The Swiss resort of Mürren is celebrating the 100th anniversary of the first slalom race held there on 21 January 1922. British skier Sir Arnold Lunn campaigned for the recognition of the new sport and helped the village, in the heart of the Bernese Oberland’s Jungfrau Region, to become the cradle of Alpine ski racing.
Today more than 1,800 skiers from all over the world gather for the famous Inferno Race each year. On 17 January 2022, some famous skiers will participate in a ceremonial race down the original slalom piste.
Several of the competitors in the Inferno will be members of the Kandahar Ski Club which Sir Arnold Lunn also played a part in forming.
He and a group of British skiers founded the club on 30 January 1924 with the purpose of promoting downhill and slalom racing at a time when Alpine skiing competitions were not recognised internationally.
Sir Arnold helped organise the first British national ski championship in 1921 and these included a national slalom race as well as jumping and cross-country. But slalom races at that time were decided on style.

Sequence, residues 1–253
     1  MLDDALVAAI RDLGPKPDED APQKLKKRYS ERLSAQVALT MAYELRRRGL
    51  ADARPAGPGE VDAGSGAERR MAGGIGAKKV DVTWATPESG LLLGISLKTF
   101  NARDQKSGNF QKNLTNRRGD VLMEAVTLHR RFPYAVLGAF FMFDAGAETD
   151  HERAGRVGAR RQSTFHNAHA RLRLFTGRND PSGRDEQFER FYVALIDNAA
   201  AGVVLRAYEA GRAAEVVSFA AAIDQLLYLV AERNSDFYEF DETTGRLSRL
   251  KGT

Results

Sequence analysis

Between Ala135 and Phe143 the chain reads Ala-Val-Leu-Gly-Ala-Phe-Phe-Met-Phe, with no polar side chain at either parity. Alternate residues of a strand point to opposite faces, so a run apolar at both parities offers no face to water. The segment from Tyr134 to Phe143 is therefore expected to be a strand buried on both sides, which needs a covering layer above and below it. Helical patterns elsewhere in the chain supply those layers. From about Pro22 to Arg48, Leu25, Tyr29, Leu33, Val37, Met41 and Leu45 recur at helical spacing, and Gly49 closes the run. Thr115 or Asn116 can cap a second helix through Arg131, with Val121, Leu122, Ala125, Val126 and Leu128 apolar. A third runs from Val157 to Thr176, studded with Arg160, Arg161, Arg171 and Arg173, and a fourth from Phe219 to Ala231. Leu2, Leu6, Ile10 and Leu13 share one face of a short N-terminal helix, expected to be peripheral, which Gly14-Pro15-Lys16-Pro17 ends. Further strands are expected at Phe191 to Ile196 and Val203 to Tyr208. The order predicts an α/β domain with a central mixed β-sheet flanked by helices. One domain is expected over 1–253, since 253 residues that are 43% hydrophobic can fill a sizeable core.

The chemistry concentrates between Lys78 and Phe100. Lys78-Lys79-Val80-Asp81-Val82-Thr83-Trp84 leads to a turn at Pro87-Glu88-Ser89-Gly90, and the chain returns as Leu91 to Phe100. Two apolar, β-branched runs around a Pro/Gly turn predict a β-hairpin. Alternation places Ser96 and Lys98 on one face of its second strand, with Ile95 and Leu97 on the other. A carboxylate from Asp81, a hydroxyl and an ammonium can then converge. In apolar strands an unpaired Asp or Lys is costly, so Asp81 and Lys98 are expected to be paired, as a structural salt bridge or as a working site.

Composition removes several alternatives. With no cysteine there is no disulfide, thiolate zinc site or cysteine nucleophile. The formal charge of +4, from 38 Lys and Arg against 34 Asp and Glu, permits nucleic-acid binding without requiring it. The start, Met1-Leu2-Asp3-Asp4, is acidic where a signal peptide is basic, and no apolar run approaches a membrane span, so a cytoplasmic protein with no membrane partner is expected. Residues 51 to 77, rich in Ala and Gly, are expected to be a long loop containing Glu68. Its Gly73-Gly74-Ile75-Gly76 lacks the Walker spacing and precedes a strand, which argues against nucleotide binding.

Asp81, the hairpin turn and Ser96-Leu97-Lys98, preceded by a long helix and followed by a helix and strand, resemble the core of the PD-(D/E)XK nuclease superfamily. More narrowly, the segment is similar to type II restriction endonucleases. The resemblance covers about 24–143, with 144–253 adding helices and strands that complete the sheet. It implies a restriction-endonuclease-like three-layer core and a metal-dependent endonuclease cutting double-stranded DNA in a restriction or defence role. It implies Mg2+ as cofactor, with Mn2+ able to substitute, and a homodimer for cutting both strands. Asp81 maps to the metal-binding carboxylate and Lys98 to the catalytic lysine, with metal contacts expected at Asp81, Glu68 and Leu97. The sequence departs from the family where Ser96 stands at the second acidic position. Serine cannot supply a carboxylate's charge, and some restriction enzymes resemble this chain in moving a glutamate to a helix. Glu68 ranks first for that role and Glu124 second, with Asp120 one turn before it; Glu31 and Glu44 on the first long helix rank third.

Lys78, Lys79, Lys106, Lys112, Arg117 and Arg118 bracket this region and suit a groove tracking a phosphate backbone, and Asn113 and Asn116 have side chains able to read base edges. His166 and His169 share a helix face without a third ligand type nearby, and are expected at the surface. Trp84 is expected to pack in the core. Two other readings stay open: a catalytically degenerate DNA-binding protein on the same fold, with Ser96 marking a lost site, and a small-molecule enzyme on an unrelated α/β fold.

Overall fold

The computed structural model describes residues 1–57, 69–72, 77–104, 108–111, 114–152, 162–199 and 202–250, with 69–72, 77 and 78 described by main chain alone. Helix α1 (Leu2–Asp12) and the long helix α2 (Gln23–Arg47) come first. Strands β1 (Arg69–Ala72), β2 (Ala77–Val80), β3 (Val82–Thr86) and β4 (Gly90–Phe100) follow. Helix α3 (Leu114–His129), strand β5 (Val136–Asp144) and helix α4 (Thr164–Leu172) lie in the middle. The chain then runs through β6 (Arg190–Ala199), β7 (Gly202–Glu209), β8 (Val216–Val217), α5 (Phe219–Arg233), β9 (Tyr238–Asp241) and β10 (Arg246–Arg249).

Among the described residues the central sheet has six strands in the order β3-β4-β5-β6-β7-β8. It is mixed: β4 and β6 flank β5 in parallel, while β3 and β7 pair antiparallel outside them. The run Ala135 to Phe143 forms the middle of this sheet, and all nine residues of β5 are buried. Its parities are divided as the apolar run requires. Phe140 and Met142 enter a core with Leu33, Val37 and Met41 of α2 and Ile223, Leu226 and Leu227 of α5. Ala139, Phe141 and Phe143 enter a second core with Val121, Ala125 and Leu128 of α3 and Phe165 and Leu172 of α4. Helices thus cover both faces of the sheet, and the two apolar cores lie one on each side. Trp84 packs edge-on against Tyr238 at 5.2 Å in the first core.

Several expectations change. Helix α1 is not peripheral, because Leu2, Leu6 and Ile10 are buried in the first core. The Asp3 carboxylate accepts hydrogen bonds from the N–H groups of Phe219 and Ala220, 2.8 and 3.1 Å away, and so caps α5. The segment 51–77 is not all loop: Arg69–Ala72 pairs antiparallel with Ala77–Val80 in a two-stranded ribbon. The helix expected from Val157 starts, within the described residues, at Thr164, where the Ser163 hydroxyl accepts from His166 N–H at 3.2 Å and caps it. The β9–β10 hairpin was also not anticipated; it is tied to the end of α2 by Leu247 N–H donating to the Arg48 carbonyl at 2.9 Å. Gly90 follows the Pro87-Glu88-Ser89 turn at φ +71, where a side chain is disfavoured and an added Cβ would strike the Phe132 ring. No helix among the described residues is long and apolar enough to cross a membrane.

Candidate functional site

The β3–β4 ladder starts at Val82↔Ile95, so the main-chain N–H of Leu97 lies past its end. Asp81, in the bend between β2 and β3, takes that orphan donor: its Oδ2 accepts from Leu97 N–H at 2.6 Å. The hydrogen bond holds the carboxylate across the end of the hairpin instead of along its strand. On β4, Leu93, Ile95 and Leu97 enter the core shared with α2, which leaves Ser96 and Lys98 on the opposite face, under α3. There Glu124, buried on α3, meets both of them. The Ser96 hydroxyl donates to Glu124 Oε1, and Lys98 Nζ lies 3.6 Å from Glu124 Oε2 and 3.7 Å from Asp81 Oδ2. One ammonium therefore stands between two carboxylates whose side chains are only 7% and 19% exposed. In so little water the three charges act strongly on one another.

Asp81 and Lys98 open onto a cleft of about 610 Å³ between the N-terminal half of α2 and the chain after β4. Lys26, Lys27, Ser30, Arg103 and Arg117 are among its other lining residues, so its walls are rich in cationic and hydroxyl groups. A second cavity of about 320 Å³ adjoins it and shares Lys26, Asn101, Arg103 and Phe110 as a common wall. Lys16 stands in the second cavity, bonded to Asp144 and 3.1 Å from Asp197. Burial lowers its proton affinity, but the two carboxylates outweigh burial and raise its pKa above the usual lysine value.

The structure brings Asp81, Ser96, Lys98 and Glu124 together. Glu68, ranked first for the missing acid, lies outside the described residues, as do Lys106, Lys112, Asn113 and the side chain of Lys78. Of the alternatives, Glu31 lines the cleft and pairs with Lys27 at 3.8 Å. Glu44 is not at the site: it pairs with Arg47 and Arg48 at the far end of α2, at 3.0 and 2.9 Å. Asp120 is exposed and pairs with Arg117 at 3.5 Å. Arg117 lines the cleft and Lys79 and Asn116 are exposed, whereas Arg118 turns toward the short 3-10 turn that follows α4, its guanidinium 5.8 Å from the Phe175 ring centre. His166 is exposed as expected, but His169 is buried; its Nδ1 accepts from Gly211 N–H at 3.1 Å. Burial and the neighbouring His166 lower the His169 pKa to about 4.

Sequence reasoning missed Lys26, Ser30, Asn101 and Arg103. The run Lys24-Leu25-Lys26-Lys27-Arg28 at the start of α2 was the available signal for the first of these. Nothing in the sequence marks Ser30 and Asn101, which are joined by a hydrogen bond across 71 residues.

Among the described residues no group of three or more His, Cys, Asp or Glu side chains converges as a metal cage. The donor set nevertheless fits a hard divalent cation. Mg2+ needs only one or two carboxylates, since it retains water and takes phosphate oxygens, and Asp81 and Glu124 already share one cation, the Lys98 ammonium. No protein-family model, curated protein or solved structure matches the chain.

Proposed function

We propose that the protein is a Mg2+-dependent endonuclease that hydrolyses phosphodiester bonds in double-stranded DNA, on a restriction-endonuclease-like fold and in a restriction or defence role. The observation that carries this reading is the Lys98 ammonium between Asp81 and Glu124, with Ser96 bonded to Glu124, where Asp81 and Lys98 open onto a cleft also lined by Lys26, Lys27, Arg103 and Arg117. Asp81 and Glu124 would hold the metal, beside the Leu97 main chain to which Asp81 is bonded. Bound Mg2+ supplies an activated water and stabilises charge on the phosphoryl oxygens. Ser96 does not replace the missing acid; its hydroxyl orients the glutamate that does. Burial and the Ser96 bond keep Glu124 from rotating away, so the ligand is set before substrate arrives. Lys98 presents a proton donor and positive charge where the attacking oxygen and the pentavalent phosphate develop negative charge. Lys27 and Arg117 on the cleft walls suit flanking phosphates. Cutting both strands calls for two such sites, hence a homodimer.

Therefore, the following year he organised a version designed to test a skier’s ability to turn securely and rapidly on steep Alpine ground in the fastest time.
Prior to the Kandahar Club, Sir Arnold had already founded the Alpine Ski Club in 1908 and the Ladies Ski Club in 1923.
He helped organise many ski races around the world and also assisted in the campaign to have Downhill and Slalom races included at the 1936 Olympic Games in Garmisch-Partenkirchen, Germany when his son, Peter, was the captain of the British ski team.
In 1952 Sir Arnold was knighted for ‘Services to British Skiing and Anglo-Swiss relations’.
He died in 1974 but his place in history lives on in the Swiss resort through a memorial stone with an inscription which says: ‘It was here in Mürren that Arnold Lunn set the first slalom in 1922 and organised the first world championship in downhill and slalom racing in 1931.”